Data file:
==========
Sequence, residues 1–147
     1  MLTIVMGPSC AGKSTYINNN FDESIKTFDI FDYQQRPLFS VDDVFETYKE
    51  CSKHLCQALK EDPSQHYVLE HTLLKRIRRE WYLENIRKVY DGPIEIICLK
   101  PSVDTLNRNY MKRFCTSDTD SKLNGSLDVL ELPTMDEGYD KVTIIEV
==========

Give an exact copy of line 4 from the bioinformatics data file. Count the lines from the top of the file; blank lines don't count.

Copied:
   101  PSVDTLNRNY MKRFCTSDTD SKLNGSLDVL ELPTMDEGYD KVTIIEV